Over the last four years, no one in the NFL has made more money than Cousins, who signed two tags with Washington and then a couple of lucrative contracts with the Vikings. You can argue that a quarterback who plays under the tag is taking a big gamble. What if he gets hurt? What if he plays poorly? What if he doesn’t win? All true. But it’s worked out far better for Cousins than it has for Washington since.
Film room: 3 Cowboys you shouldn’t forget about heading into camp, including a young safety with upside - John Owning, Dallas Morning News
Players that have the best chance of making an impact in 2020.
Bryant also helped spring Blake Jarwin for a touchdown against the New York Giants in early November, showing impressive hustle to get back in position to make a crucial block as Jarwin was en route to the goal line. This year, Bryant faces some seriously stiff competition to make the roster. He will compete with Wilson, Smith, Johnson and Noah Brown, plus undrafted rookies Aaron Parker, Stephen Guidry and Kendrick Rogers, for the last two or three receiver spots on the 53.
Although Kellen Moore was retained as offensive coordinator, Bryant needs to earn the respect of the new staff just as he did with the previous one. It’s not crazy to think the 6-3, 205-pound Bryant will do just that because it’s hard to find receivers with his size who are nimble enough to contribute on special teams and coordinated enough to have skills that can be developed.
Other names are generating more buzz, but Bryant has as good a shot as any of them to make the roster. As you contemplate the Cowboys’ complete receiver corps in 2020, don’t forget about Bryant.
The hope is that Ha Ha Clinton-Dix is an upgrade at the safety spot.
HaHa Clinton-Dix, who signed a one-year deal in Dallas, will bring his own veteran presence to the Cowboys' locker room. The 27-year-old spent four of his six seasons in Green Bay with McCarthy, who drafted him out of Alabama. Last season, he signed a one-year deal in Chicago where he started 16 games. Over his career, Clinton-Dix has 522 tackles and 16 interceptions.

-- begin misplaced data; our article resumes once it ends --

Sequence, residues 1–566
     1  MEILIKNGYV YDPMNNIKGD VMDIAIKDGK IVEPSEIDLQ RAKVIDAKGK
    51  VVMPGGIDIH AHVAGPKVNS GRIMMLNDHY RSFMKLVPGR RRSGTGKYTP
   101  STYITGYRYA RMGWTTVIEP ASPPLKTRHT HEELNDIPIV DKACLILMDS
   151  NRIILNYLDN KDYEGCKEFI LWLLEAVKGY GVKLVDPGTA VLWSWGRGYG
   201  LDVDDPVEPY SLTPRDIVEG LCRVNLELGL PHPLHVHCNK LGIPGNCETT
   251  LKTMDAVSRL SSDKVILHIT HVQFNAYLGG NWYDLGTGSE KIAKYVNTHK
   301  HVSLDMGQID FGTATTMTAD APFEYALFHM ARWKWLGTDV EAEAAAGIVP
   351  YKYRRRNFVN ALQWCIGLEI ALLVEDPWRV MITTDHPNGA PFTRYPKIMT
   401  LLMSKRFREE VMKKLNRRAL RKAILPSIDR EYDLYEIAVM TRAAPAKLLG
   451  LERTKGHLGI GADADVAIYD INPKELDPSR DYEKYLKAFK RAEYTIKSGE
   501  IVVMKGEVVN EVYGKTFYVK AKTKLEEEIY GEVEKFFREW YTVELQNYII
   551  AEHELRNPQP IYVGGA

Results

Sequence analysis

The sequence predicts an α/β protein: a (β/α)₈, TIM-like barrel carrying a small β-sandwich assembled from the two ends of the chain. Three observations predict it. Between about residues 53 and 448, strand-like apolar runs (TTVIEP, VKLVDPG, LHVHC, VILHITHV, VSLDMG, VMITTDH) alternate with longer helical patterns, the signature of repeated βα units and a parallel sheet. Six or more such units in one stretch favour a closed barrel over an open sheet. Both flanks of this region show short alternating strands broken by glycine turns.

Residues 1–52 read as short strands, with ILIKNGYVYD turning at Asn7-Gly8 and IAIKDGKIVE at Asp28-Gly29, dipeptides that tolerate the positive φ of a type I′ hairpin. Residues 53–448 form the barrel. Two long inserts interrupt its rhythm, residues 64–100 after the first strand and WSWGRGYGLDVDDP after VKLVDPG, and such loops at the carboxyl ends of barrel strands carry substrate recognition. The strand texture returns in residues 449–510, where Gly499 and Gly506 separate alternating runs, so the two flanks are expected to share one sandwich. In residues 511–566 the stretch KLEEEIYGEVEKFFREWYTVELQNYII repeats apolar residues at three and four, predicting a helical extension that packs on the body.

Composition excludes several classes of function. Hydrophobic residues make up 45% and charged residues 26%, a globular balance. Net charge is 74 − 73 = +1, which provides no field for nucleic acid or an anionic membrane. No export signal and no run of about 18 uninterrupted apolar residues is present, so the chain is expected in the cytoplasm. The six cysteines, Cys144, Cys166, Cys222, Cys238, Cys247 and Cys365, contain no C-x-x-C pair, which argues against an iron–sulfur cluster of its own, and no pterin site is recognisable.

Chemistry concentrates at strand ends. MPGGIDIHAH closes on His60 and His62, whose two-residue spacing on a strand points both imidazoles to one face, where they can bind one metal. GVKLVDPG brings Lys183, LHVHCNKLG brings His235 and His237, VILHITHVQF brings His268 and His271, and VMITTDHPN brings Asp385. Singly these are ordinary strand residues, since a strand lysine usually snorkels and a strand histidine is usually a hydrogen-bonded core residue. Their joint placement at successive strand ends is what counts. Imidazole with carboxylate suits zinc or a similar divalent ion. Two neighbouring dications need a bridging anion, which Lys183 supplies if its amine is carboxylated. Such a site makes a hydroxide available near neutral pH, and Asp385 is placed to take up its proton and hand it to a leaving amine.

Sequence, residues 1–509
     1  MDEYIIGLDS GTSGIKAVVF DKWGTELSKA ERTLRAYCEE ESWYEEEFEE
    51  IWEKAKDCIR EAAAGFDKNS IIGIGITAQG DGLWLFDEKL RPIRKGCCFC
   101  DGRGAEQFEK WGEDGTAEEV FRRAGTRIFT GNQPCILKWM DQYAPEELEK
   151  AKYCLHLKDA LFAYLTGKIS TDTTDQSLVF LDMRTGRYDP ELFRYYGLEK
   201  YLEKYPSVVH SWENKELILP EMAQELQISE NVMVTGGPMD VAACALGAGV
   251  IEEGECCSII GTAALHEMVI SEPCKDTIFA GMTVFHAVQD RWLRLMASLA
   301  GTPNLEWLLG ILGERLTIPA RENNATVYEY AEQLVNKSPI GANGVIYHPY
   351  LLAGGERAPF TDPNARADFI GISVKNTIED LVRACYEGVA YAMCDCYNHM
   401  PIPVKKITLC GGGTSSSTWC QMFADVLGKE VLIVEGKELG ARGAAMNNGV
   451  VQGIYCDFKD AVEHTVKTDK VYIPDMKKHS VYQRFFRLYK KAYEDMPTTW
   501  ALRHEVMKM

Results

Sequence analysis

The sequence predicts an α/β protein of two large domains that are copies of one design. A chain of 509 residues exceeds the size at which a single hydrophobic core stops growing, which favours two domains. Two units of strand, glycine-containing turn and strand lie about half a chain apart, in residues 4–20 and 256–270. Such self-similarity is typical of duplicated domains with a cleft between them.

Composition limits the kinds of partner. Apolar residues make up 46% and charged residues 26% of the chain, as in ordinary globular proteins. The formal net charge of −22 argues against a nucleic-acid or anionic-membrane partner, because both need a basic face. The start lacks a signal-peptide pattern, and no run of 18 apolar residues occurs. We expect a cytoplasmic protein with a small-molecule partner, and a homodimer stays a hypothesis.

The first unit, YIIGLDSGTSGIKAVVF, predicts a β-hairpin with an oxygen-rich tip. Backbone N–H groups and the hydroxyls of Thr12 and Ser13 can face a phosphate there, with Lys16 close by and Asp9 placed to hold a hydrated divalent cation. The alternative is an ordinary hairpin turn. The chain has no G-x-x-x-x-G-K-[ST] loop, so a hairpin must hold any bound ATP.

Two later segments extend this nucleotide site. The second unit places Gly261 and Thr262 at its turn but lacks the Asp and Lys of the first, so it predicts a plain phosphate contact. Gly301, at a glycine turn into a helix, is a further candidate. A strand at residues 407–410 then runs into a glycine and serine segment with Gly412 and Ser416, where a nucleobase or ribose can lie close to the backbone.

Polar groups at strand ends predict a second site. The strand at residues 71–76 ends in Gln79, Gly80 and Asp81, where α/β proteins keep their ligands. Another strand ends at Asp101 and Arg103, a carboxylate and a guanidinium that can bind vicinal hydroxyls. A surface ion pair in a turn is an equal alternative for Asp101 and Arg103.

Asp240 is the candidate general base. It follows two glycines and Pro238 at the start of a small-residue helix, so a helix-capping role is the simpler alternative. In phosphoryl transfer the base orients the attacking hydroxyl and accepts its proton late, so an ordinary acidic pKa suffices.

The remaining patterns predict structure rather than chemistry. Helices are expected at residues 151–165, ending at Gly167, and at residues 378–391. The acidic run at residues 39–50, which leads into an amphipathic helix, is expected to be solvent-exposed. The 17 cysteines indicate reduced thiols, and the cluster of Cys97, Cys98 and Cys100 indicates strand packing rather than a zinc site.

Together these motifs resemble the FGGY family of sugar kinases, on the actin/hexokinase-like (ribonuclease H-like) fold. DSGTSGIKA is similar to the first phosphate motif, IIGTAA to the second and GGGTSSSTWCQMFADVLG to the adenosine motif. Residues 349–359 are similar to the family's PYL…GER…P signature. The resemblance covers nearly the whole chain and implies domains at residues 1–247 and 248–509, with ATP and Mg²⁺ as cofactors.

The expectations for the Cowboys' offense will be high, and the defense will need to hold up its end of the bargain. In a secondary with a number of intriguing young players, McCarthy clearly felt that Clinton-Dix can be depended on to start at safety without being considered a weak link. Clinton-Dix has given up some big plays over the course of his career, but he's also shown pretty tremendous ball skills over that span, and the Cowboys have at times seemed starved for turnovers over the past few seasons.
McCarthy also brought on another former member of his Packers' secondary to lead the unit. Former Pro Bowl cornerback Al Harris will serve as secondary coach under defensive coordinator Mike Nolan. With the challenges faced due to various COVID-19 restrictions, it's set to be a particularly tough year to implement new faces. It's certainly helpful when some of those new faces in the coaching staff and even players are familiar with the man in charge and how he conducts his team.
Who other than Dak do the Cowboys need to be look at extending?
So the July 15 deadline came and went. And here we are, with Dak Prescott still without a long-term contract. Now, he does have a rather hefty payday in front of him as he signed his $31.4 million franchise tag for this year, assuring that Prescott will be the Cowboys' quarterback for this year.
But without a long-term deal in place, the future is certainly cloudy for Prescott, who could be franchised again for around $38 million in 2021. But that could be problematic depending on what happens with the salary cap after what will likely be a unique season for the NFL in 2020.
But while no contract negotiation in the NFL has gained more attention than this one, the Cowboys will likely have other players seeking new deals as well. Let's look at 12 players, Dak included, that could potentially be next in line for a new payday.
There is no long-term deal for Dak Prescott which means that there is a lot to discuss.